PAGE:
Onchocerca volvulus

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Onchocerca volvulus
Onchocerca volvulus mf1 DPDx.JPG
Onchocerca volvulus, the causative agent of river blindness.
Scientific classification
Kingdom: Animalia
Phylum: Nematoda
Class: Secernentea
Order: Spirurida
Family: Onchocercidae
Genus: Onchocerca
Species: O. volvulus
Binomial name
Onchocerca volvulus
Bickel, 1982

Onchocerca volvulus is a nematode that causes onchocerciasis (river blindness), and is the second leading cause of blindness worldwide after trachoma. It is one of the seventeen neglected tropical diseases listed by the World Heath Organisation (WHO), with elimination from certain countries expected by 2020.[1]

John O’Neill, an Irish surgeon, first described Onchocerca volvulus in 1874 where he found it to be the causative agent of ‘craw-craw’, a skin disease found in West Africa.[2] A Guatemalan doctor Rodolfo Robles first linked it to visual impairment in 1917.[3]

Onchocerca volvulus is primarily found in Sub-Saharan Africa and humans are the only known definitive host. It is spread from person to person via female biting blackflies of the genus Simulium.[4]

Morphology[edit]

Photomicrograph (glycine mount) of several Onchocerca volvulus individuals.

Onchocerca volvulus obtain nutrients from the human host by ingesting blood or by diffusion through their cuticle. They may be able to trigger blood vessel formation because dense vascular networks are often found surrounding the worms.[5] They are distinguished from other human infecting filarial nematodes by the presence of deep transverse striations.[6]

It is a dioecious species, containing distinct males and females, which form nodules under the skin in humans. Mature female worms permanently reside in these fibrous nodules, while male worms are free to move around the subcutaneous tissue. The males are smaller than females, with male worms measuring 23mm in length compared to 230-700mm in females.[6]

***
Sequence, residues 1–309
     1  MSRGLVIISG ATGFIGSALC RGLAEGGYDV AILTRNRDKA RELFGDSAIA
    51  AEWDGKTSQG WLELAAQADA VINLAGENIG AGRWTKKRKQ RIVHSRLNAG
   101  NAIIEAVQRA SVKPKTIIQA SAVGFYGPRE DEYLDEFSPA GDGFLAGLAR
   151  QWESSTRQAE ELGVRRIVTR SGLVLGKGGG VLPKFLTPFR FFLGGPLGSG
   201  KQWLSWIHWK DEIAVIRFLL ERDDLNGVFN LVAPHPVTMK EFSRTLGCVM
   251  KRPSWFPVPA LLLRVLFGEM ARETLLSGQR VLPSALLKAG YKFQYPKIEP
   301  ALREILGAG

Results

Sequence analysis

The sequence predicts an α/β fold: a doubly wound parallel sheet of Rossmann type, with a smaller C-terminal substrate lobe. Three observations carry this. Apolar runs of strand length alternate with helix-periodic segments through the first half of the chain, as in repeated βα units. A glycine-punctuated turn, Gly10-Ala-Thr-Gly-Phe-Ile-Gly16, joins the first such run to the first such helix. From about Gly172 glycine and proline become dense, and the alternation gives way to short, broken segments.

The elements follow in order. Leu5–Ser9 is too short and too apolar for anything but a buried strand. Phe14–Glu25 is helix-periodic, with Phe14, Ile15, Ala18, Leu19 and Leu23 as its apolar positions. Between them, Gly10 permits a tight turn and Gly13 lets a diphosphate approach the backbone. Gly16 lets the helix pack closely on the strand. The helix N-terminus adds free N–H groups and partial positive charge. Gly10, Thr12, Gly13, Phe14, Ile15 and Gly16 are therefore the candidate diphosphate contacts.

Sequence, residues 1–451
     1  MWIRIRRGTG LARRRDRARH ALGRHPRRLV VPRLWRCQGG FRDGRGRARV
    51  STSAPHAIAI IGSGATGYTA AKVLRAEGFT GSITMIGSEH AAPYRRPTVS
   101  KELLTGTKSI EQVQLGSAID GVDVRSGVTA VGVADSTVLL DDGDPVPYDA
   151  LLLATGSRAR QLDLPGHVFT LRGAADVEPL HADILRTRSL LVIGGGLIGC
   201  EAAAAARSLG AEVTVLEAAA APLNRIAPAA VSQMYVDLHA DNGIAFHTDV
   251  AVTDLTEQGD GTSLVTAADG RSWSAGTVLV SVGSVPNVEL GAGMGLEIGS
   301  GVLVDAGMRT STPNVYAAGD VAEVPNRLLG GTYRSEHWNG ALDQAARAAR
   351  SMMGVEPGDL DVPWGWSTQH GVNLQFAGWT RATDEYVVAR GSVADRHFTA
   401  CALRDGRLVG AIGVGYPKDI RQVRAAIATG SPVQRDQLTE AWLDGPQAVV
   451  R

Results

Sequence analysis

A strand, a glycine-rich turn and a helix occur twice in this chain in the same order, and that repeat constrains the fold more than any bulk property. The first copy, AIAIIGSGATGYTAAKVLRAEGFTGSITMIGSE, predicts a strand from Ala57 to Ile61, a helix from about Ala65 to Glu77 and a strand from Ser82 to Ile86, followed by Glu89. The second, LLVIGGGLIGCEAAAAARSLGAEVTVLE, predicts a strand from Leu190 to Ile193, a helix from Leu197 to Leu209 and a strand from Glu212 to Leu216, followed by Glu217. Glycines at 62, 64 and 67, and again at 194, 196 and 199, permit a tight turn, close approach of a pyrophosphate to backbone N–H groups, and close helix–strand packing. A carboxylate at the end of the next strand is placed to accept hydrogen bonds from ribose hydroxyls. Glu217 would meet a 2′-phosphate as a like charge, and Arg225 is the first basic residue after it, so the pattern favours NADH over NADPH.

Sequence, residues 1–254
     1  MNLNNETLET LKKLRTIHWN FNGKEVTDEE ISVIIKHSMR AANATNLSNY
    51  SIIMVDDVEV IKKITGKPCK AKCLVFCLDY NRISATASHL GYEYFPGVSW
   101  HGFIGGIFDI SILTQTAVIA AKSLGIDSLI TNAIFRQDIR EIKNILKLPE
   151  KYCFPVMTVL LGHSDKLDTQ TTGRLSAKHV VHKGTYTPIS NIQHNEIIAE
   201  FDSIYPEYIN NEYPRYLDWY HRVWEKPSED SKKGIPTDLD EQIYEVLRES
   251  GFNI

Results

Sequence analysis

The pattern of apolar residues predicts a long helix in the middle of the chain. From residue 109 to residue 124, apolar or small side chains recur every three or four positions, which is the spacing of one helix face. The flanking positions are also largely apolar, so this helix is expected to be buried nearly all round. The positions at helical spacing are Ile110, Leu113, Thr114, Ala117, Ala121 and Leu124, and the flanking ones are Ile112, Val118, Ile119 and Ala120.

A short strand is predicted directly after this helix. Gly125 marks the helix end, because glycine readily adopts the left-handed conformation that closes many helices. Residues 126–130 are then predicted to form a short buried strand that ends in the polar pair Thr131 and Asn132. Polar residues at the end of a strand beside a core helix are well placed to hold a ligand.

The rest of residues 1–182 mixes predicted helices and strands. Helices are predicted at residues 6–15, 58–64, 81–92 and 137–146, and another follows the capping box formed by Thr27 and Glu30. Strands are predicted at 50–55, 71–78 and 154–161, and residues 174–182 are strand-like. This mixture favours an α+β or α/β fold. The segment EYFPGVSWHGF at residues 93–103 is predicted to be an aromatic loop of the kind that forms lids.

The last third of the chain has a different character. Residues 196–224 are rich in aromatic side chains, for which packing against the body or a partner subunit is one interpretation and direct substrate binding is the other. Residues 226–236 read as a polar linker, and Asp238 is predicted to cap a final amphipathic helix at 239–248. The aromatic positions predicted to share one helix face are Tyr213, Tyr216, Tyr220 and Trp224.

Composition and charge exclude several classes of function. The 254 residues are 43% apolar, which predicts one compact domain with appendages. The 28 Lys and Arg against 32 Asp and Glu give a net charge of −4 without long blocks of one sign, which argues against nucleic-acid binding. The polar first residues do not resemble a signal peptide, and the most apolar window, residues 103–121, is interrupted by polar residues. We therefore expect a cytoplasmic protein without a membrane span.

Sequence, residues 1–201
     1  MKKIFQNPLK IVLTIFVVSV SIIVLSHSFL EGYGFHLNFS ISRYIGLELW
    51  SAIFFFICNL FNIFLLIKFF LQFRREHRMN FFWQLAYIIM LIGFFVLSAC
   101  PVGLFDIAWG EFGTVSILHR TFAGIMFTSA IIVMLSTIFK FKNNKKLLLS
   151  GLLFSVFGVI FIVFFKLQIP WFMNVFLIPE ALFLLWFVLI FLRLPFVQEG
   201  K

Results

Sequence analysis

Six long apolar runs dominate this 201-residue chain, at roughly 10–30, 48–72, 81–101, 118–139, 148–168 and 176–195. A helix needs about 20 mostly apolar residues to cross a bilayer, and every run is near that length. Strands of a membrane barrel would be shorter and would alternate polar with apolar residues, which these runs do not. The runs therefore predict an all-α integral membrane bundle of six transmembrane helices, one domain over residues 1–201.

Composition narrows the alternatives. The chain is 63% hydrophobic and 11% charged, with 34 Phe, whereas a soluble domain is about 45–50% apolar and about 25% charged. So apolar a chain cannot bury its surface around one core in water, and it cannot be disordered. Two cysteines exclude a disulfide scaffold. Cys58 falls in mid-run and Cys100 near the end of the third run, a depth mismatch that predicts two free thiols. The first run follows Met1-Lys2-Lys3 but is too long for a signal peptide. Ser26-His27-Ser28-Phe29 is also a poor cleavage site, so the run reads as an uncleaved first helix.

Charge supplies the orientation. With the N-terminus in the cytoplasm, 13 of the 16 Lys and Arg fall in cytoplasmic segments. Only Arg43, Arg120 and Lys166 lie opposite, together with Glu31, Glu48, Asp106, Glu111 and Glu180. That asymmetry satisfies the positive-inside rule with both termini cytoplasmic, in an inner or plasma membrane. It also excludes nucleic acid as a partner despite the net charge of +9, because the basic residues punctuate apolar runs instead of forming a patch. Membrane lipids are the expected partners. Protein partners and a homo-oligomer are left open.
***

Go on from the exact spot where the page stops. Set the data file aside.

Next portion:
The release of oocytes (eggs) in female worms does not depend upon the presence of a male worm, although they may attract male worms using unidentified pheromones.[7] The first larval stage, microfilariae, are 300μm in length and unsheathed, meaning when they mature into microfilariae they exit from the envelope of the egg.[8]

Life cycle[edit]

The average adult worm lifespan is fifteen years and mature females can produce between 500 and 1,500 microfilariae per day. The normal microfilariae lifespan is 1 to 1.5 years; however, their presence in the bloodstream causes little to no immune response until death or degradation of the microfilariae or adult worms.[9]

Blackfly stages[edit]

The life cycle of Onchocerca volvulus.
  1. The microfilariae of Onchocerca volvulus are found in the dermis layer of skin in the host.
  2. When a female Simulium blackfly takes a blood meal from an infected host the microfilariae are also ingested.
  3. From here the microfilariae penetrate the gut and migrate to the thoracic flight muscles where they enter the first juvenile phase, J1.
  4. After maturing into J2, the second juvenile phase, they migrate to the proboscis where they are found in the saliva.